Mick Jenkins Drowns Legends with ‘The Water[s]’
Thom Behrens | Sunday, February 8, 2015
Rising with the momentum that only jazz-influenced, THC-driven and lyrically conscious artists can gather, Alabama-born, Chicago-raised slam-poet-turned-rapper Mick Jenkins started his 2015 tour in support of last year’s mixtape “The Water[s]” by playing at Legends of Notre Dame Restaurant and Night Club (You may know it for Hip-Hop Night). Although posits in conversation about MCs I’ve seen play at Legends are usually met with topical, caricatured retorts of “Cool! I remember him! I saw Ying Yang Twins in Kansas City last summer!” or the more social “No way, that’s hilarious,” last weekend Legends actually booked someone good.
Starting his show with no introduction, the up-and-coming artist started his show to a crowd of about 40 with all the movement, engagement with the crowd and commitment to his words necessary to sell a new image. In addition to being an excellent performer, Mick Jenkins kept himself in tune with his still-rising fame; he told the crowd, “If you don’t know the words [to these songs], just bounce.” Impressing fans and spectators by touring not only with a DJ (“DJ Greenslime”) but with an eleven-piece drum kit, Mick Jenkins worked hard to connect with the crowd and provide an enthralling live experience.
He didn’t undersell his work, and he didn’t undersell the Christian themes or personal and relevant content on “The Water[s].” He took time to explain the meaning behind his cohesive symbolism: “Who knows what the waters is?” And although anyone who’s given the tape a listen can immediately understand the feeling behind the tape, no one can articulate it like the artist: “There was a time in my life where I faced a lot of things that helped me grow as a man. … [I gained] a lot of wisdom. … My manifestation for that is drinking.”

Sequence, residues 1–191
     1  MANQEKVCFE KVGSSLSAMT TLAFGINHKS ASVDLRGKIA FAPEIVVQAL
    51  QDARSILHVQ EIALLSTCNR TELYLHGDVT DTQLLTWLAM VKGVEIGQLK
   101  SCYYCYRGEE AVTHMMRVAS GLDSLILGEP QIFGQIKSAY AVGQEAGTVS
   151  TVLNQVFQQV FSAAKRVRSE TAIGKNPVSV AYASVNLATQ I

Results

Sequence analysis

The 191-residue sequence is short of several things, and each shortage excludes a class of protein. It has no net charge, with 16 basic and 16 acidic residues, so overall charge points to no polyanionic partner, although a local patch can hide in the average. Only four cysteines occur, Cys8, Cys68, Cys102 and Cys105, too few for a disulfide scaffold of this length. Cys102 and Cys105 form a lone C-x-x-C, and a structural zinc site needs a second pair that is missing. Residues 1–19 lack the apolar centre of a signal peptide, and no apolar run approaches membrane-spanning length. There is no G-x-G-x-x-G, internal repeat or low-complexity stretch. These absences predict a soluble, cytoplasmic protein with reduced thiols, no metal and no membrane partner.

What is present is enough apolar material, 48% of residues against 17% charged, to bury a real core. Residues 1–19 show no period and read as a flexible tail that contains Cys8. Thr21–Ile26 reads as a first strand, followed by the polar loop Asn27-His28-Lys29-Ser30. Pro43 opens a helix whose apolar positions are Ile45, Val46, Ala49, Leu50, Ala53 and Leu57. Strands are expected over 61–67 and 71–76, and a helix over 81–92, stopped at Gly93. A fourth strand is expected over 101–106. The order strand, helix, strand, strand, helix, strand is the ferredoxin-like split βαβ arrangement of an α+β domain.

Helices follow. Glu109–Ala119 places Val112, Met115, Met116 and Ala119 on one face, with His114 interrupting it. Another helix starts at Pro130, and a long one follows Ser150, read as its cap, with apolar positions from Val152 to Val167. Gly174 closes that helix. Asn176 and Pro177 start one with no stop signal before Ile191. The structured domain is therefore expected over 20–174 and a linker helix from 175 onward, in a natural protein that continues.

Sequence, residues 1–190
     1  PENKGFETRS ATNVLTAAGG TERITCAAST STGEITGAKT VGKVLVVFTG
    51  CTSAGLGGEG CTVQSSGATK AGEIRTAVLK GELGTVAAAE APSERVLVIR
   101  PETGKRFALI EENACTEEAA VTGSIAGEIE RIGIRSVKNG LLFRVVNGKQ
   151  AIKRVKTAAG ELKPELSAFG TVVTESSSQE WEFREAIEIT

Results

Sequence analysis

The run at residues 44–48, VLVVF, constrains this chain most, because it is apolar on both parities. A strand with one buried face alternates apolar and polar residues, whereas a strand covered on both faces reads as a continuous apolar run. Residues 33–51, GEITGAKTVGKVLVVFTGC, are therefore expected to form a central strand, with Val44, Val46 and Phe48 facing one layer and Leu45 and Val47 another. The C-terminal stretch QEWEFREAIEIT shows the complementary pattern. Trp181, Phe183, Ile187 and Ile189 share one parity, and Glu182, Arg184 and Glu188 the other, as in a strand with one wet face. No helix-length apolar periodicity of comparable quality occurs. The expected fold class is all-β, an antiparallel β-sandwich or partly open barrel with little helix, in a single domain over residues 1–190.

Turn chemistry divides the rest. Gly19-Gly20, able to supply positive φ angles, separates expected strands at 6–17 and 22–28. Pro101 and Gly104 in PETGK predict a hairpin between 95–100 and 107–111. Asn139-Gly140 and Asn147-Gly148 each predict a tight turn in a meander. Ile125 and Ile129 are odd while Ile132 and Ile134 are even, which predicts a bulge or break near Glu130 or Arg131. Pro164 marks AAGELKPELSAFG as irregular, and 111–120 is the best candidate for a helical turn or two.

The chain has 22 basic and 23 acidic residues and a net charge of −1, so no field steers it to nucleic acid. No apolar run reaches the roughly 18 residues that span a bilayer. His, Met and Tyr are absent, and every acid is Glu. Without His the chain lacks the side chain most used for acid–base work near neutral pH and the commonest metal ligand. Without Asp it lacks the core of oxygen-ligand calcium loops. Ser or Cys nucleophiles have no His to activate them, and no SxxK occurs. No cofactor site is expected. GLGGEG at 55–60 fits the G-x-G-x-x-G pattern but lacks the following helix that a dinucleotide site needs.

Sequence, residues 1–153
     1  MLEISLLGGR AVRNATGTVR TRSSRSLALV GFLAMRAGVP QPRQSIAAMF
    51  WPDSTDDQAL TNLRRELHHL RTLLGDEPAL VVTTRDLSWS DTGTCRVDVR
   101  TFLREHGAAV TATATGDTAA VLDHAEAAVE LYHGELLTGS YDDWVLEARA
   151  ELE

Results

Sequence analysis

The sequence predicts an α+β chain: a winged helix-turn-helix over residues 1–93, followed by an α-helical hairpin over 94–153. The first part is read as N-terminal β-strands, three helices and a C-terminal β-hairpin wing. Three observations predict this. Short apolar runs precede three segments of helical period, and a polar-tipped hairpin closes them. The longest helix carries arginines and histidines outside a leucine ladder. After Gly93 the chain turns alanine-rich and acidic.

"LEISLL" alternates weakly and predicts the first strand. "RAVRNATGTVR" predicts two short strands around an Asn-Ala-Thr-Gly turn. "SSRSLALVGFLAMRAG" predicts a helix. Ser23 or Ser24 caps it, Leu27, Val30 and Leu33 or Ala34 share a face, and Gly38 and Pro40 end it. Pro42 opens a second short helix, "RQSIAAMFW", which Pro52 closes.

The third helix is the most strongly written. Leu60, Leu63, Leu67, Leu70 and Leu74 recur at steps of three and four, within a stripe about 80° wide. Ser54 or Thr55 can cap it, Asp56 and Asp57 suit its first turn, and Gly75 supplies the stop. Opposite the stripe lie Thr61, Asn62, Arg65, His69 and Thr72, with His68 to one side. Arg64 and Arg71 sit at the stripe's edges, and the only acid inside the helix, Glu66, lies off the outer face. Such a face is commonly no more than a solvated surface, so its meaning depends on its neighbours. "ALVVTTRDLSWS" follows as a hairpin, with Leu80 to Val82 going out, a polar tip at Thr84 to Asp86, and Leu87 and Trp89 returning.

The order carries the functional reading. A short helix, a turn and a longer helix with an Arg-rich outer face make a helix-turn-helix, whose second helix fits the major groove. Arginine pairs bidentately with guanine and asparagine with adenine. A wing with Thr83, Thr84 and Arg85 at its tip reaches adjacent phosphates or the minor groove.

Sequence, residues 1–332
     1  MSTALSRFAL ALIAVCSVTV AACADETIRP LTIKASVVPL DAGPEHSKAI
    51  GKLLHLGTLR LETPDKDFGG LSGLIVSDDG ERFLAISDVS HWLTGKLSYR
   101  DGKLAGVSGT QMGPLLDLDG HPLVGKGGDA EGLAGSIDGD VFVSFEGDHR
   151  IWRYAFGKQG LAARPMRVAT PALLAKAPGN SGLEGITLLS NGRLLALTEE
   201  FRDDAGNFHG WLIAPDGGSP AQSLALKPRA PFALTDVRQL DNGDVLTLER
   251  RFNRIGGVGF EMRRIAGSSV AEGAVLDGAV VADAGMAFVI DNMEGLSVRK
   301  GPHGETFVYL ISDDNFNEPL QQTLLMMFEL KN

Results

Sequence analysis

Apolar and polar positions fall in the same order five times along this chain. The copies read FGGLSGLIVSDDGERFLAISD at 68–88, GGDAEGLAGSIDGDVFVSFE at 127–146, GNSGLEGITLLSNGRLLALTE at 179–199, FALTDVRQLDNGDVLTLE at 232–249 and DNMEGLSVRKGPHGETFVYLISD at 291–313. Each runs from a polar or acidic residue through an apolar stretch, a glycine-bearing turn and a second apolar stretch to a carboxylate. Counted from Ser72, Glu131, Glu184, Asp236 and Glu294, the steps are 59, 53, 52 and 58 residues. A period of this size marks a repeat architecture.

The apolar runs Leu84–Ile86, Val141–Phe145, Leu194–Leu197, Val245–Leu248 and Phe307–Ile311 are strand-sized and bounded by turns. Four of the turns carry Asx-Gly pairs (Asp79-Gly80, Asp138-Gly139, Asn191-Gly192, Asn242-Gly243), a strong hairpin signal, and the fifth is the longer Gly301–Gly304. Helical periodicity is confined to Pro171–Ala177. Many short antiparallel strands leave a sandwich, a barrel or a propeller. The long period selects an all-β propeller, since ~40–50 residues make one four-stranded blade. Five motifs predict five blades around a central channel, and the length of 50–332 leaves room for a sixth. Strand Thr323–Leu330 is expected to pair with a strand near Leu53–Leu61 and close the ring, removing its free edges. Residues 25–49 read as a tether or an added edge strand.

Free from a reputation of a rapper who has reached his peak, Mick Jenkins stands on nothing but the honesty of his words, and this freedom helps him on stage. He works as an artist should – he works hard to create an organic live experience and to connect with his fans, not just recreate recordings. And fans came to connect. Although the crowd was small (and although no crowd member knew what poutine was), Mick’s mic checks to the crowd were met with enthusiasm. Everyone came with a favorite song, and Mick played ‘em all.
“It’s good to spend time in the waters,” Jenkins relates as he sings in reaction to materialism in hip hop, greed and envy he sees in the world. Loath to be titled, generalized, or boxed in with “conscious” rappers, Mick Jenkins seeks to probe a new direction of what I guess we’ll call “self-aware rapping.” Frothing with energy and shining with individuality, Mick Jenkins’s style and ideals stand to give as much to his career as they give to his ability as a performer.